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Case Studies in Nanotoxicology and Particle Toxicology presents a highly-illustrated analysis of the most prominent cases on the adverse effects of nanoparticles and their impact on humans and the environment.
This comprehensive reference demonstrates the possible risks imposed by managing and handling nanoparticles, showing the effects of involuntary inhalation or ingestion during their use and after their incineration.
Through the use of numerous examples, readers will discover the possible risks and effects of working with nanoparticles, along with best practices to prevent these effects. The text is an essential reference for anyone working in the risk assessment of nanoparticles, including nanosafety professionals, occupational toxicologists, regulatory toxicologists, and clinicians.
- Presents real-life cases showing the potential risks to human health following exposure to nanoparticles
- An ideal reference for anyone working in the risk assessment of nanoparticles, including nanosafety professionals, occupational toxicologists, regulatory toxicologists, and clinicians
- Provides examples to help assess risks of handling engineered nanomaterials
- Advises on the best forms of protection and the safest nanotechnological products
Toxicologists, risk assessors, graduate students in toxicology, regulators and policy makers, clinicians
- Chapter 1: Introduction
- 1.1. The history
- 1.2. What is nanopathology?
- Chapter 2: A Very Brief History of Particulate Pollution
- 2.1. Origin
- Chapter 3: Nanotoxicity
- 3.1. Introduction
- 3.2. New scenario of the nano-bio-interactions
- 3.3. The nanotoxicological debate
- Chapter 4: Clinical Cases
- 4.1. Introduction
- 4.2. Mesothelioma: a nanofiber-induced disease
- 4.3. Hashimoto thyroiditis
- 4.4. Ameloblastoma
- 4.5. Leukemia and lymphoma
- 4.6. Congenital malformations
- 4.7. Cryoglobulinemia
- 4.8. Breast cancer
- Chapter 5: Sentinel Cases
- 5.1. Introduction: nanopathology and toxicology
- 5.2. Sentinel cases
- 5.3. Hepatic granulomas: same disease, different pathogens
- 5.4. Archeology and war
- 5.5. The case of the worker in a ceramic-tile industry
- 5.6. Precious alloys in a prostatic neoformation
- 5.7. The case of a child with prostate cancer
- 5.8. A malformed child born with leukemia
- 5.9. Malformed children
- 5.10. The child with bone cancer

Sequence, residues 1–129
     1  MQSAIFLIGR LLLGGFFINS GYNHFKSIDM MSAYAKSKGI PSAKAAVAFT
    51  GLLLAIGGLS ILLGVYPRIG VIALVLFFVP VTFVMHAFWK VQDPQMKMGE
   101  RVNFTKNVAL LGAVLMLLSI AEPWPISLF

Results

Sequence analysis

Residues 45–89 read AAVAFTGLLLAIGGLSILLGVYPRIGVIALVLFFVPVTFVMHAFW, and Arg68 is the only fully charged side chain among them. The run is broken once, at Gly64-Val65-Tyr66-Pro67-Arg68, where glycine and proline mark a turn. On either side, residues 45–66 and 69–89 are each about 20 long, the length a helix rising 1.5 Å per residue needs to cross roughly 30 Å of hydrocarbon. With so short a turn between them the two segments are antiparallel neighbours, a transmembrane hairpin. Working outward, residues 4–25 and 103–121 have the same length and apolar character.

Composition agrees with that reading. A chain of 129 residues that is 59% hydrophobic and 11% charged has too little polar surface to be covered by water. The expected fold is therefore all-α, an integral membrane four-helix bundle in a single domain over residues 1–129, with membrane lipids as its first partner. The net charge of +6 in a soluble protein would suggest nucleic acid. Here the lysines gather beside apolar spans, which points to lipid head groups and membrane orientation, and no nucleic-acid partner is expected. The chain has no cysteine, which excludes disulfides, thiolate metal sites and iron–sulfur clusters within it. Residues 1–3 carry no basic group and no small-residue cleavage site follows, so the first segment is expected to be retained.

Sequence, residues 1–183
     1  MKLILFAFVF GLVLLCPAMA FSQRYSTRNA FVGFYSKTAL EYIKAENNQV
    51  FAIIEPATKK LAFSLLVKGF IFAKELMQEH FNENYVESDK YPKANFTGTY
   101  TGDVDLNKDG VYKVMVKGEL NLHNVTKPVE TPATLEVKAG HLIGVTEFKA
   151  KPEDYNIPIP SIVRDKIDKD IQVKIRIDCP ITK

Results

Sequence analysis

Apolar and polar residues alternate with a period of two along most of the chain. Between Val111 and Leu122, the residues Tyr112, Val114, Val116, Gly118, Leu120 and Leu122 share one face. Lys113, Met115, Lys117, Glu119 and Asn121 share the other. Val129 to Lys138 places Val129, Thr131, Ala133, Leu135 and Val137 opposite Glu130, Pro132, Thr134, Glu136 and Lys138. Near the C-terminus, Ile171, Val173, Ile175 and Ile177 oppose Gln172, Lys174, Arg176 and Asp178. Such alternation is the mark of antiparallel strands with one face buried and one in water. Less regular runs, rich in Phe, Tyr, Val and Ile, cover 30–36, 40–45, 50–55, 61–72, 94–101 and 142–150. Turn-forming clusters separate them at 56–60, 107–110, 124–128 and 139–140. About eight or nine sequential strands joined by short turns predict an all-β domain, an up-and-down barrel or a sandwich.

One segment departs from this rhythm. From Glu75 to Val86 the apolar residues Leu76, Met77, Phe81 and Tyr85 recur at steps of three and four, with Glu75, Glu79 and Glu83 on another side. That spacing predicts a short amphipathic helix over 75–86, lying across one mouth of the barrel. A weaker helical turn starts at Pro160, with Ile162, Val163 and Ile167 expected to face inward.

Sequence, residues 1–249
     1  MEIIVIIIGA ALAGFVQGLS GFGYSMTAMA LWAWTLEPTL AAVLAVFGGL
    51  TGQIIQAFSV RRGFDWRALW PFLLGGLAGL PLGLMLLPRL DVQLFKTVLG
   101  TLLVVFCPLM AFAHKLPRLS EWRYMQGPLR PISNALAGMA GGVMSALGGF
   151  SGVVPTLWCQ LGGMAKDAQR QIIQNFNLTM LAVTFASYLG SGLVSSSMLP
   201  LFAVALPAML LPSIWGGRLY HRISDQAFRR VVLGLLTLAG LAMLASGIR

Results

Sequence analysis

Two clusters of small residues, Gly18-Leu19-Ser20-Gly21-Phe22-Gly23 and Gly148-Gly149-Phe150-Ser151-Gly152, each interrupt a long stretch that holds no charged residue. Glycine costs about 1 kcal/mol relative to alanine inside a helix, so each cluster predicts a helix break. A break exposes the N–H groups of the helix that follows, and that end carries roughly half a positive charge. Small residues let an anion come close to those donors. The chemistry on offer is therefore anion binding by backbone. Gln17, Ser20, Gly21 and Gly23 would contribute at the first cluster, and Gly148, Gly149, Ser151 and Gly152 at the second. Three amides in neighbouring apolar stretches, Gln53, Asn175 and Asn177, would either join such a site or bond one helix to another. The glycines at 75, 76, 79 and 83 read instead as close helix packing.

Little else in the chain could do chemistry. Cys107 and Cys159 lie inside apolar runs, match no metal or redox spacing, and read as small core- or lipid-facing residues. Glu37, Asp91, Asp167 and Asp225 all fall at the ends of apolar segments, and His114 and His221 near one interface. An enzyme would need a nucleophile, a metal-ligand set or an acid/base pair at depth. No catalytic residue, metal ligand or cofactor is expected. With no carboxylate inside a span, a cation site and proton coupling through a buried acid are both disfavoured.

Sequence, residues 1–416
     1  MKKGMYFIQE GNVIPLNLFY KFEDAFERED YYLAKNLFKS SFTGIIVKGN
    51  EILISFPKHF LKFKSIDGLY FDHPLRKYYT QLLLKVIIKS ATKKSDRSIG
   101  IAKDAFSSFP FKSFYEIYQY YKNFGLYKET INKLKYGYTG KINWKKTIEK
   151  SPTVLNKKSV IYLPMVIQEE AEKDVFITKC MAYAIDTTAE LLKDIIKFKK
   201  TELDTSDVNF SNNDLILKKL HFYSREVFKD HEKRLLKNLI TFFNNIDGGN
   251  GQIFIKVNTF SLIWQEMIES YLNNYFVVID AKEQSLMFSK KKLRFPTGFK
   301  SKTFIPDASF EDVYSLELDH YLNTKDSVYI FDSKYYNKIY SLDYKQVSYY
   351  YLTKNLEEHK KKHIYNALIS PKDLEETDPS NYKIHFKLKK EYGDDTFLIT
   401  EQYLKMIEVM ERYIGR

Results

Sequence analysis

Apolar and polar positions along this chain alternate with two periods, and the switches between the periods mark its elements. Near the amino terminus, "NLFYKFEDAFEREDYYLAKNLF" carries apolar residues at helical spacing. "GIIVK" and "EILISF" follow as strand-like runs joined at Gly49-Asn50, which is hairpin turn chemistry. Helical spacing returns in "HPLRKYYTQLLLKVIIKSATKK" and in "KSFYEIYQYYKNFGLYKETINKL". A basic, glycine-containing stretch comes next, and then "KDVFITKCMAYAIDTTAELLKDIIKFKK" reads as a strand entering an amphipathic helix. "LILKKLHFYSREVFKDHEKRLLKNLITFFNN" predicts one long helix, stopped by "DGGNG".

- 5.11. The case of the patient killed by repeated enemas
- 5.12. The boy who played five-a-side football
- 5.13. The boy who went into a sudden coma
- Chapter 6: Environmental Cases and Nanoecotoxicology
- 6.1. The case of a power plant
- 6.2. Contamination around urban incinerators
- 6.3. The case of the incinerator of Terni
- 6.4. Contamination by engineered nanoparticles
- Chapter 7: War Cases and Terrorist Attacks
- 7.1. Introduction
- 7.2. The war environmental dust
- 7.3. The Italian case: diseases among soldiers after the Balkan war
- 7.4. The case of Soldier 1
- 7.5. The case of Soldier 2
- 7.6. A case of a soldier with contaminated semen and artificial insemination
- 7.7. A case of a soldier with aspergillosis complications
- 7.8. The case of a civilian who worked in Sarajevo during the siege and war
- 7.9. The cases of two reporters who worked in the Gulf and Balkan War theaters
- 7.10. Quirra and the Quirra Syndrome
- 7.11. The cases of rescue workers during the terrorist attacks on the Twin Towers
- 7.12. Have Hiroshima and Nagasaki been misinterpreted?
- 7.13. A brief conclusion
- Chapter 8: Food, Drugs and Nanoparticles
- 8.1. Introduction
- 8.2. Intentional and accidental contamination of food
- 8.3. Bovine spongiform encephalopathy and food
- 8.4. Vaccine contamination
- Chapter 9: Occupational Cases
- 9.1. Introduction
- 9.2. Printers and nanoink
- 9.3. Cases of spontaneous pneumothorax
- 9.4. Working pollution in nanotechnology laboratories
- Chapter 10: Miscellaneous Cases
- 10.1. Impact of smoking
- 10.2. Diabetes, chronic-fatigue syndrome and other pathologies that could be explained from a different point of view
- 10.3. Other possible effects of nanoparticle exposure
- Chapter 11: The Future of Nanotechnologies
- 11.1. Introduction
- 11.2. Can nanomedicine solve the unsolved problems of medicine?
- 11.3. The success of nanosilver
- 11.4. Analysis of the end of the life cycle of nanoproducts
- 11.5. Prevention and systems of prevention
- 11.6. Present and future
- Chapter 12: Conclusions
- 12.1. Conclusions
- No. of pages:
- © Academic Press 2015
- 1st April 2015
- Academic Press
- eBook ISBN:
- Hardcover ISBN:
Associate Professor, National Research Council, Rome, Italy; Visiting Professor, Institute for Advanced Sciences Convergence, US Department of State, Washington DC, USA; Founder, Nanodiagnostics Srl, Modena, Italy
Director, Nanodiagnostics Srl
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